Seeing the Other
The European View on Japan in Contemporary Artistic Documentary Photography
Due to economic boom and globalization Europe has become increasingly interested in the examination of Japan. Obstructive for this discussion is the basic supposition of a characteristic otherness that manifests itself in the astonishing economic development of the past 150 years as seen from a European perspective. A lasting appreciation of Japanese culture could not develop out of this premise: mostly, the mystery Japan lingers on. This insight forms the starting point for my analysis of a Japan related issue. Particularly the visual representations of Japan display the country as oscillating between tradition and modernity, as shaped by a cultural fissure between a lively tradition and a dominant industrial culture.
Almost at the same time as the invention of photography, Japan was opened to the West. Thus notably the photographic view upon Japan is interesting. Photography became a witness of the transition from the feudal to a modern industrial society. While the development of the European image of Japan has been widely explored within literature, research on visual – especially photographic – representations and how they form our image of Japan is still missing. Moreover, most of today’s photographic production seems to be tied up to the exoticizing tradition of 19th century European photography in Japan and to display a stereotyped view. The image of Japan conceived by some contemporary artists working in the tradition of documentary photography since Walker Evans, however, greatly differs from the mainstream productions.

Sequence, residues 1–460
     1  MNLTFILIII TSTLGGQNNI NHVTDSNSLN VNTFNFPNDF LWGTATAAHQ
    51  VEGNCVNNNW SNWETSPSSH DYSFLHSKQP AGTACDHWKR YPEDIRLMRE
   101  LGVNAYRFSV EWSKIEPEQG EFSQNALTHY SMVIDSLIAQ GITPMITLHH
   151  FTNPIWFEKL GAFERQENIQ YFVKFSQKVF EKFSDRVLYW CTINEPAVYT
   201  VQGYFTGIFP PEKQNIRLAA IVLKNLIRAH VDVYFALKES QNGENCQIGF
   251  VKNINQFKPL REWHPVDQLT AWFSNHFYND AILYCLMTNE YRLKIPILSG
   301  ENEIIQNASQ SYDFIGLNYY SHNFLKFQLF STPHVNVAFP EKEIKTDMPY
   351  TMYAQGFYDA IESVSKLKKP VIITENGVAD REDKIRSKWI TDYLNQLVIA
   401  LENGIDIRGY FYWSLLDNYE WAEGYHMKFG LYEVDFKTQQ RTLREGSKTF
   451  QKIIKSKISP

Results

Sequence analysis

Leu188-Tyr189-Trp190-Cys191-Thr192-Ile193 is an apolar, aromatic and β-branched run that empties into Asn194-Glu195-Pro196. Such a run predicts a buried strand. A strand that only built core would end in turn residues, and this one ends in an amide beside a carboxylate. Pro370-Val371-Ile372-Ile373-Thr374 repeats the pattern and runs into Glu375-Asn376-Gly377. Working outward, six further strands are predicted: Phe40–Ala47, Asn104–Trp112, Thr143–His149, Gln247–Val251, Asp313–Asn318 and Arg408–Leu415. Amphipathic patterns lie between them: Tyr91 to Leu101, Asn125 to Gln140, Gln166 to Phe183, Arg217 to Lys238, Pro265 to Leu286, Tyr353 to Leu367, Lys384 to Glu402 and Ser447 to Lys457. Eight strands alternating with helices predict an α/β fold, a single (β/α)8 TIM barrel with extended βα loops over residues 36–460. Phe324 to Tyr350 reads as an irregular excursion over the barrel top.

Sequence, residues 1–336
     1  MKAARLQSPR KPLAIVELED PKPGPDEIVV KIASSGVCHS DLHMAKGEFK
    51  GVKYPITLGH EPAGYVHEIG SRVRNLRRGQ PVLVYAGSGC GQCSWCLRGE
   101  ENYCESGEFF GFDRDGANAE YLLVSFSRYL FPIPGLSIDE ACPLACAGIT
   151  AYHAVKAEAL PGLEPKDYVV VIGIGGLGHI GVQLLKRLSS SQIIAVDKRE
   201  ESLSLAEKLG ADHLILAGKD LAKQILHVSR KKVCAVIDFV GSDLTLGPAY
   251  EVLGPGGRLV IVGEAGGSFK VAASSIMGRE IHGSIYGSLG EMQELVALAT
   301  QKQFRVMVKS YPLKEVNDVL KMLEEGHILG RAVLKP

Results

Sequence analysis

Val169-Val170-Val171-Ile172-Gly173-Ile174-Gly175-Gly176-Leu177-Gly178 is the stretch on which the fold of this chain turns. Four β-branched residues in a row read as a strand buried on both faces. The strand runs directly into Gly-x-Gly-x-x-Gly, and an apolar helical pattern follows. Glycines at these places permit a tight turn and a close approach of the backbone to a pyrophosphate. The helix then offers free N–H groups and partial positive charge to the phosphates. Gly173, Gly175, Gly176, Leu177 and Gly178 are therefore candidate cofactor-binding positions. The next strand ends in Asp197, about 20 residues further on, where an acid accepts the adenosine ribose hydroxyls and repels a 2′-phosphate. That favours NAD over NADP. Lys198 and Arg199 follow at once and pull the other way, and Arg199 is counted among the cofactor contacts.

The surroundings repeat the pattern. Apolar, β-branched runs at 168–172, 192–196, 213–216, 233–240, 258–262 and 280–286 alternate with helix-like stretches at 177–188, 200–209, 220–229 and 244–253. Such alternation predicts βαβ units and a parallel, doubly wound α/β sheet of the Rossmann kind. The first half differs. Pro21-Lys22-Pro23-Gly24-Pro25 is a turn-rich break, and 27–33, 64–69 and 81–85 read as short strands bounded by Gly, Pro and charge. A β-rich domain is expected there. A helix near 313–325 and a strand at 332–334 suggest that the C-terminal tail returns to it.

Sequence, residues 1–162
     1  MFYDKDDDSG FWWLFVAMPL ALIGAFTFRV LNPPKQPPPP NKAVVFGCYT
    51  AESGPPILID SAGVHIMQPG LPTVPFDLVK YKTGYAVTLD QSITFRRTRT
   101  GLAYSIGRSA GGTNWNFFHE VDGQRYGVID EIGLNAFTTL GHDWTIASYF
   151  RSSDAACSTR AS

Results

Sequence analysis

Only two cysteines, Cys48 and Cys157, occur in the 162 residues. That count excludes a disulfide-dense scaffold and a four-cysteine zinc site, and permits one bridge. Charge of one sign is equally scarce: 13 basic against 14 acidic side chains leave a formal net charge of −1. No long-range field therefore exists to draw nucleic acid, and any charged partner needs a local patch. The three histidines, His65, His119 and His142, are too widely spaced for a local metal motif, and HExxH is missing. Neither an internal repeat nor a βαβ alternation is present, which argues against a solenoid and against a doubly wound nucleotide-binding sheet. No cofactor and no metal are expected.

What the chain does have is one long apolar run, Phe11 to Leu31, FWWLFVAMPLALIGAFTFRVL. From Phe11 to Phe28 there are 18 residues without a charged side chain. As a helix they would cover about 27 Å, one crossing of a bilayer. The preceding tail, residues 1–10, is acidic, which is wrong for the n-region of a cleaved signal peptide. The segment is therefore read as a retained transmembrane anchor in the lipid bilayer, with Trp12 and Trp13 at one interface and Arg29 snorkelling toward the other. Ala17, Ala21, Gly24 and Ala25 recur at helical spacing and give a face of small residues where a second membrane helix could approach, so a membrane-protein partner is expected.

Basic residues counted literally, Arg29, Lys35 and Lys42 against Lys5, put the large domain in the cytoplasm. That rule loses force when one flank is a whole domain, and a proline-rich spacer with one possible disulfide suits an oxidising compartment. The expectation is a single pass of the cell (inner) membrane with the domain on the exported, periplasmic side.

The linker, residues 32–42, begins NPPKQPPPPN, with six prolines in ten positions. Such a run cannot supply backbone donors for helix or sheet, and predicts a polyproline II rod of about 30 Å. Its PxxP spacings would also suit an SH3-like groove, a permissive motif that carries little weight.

It is the goal of my research to find out about the premises of visual representation of foreign cultures within a globalized world and to critically challenge eurocentric viewpoints. In doing so, I am focusing on contemporary artistic documentary photography. The potential of this kind of documentary photography is researched with the example Japan, including questions of otherness and stereotyping.
The study is based on the three monographic positions of Paul Graham (GB *1956), Elisabeth Neudörfl (D *1968) and Heiner Schilling (D *1969). The perspectives of their works are discussed on the previously compiled theoretical findings on issues like otherness, the development of the European image of Japan and documentary photography. They are then contextualized in a tradition of photographic production. As photographic representations lasting-ly coin our everyday life and form a central element in our perception of the world, the leading questions are of great relevance: What is the significance of categories of other and self in a world that is increasingly globalized and sufficiently picturally represented? What are the options to photographically approach the other and how does this become manifest in artistic documentary photography? How do the analyzed images of Japan differ from the mainstream ideas and stereotypes about Japan? And what can photography contribute to the understanding of foreign cultures?
Grants and Awards (selection) 2003 Fulbright-grant for a Visual Culture Tertiary, Amherst College, USA
2005/2006 Grant for graduate students of the State Academy of Visual Arts Stuttgart
04-06/2006 Postgraduate Grant Student at the German Institute for Japanese Studies.